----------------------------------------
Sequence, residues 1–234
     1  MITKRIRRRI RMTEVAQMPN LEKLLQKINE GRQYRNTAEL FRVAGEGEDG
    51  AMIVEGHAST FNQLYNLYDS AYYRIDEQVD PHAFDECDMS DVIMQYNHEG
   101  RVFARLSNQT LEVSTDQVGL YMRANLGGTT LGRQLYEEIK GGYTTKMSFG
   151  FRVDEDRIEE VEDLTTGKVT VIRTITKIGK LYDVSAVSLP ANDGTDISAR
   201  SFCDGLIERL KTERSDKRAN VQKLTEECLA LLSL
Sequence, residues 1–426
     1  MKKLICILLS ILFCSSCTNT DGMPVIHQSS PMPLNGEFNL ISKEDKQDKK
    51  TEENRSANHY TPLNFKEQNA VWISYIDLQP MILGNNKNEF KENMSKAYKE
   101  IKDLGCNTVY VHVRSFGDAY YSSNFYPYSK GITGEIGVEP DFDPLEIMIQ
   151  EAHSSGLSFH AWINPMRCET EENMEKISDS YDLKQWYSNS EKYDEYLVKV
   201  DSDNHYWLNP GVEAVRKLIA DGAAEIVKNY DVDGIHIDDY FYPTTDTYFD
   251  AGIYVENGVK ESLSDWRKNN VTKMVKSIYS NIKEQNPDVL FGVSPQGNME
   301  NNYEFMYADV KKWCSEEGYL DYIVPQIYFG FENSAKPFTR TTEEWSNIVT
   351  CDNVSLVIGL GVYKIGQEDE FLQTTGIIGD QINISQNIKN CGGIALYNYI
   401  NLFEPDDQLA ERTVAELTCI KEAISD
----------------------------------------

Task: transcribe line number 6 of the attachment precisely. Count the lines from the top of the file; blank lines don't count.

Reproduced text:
   201  SFCDGLIERL KTERSDKRAN VQKLTEECLA LLSL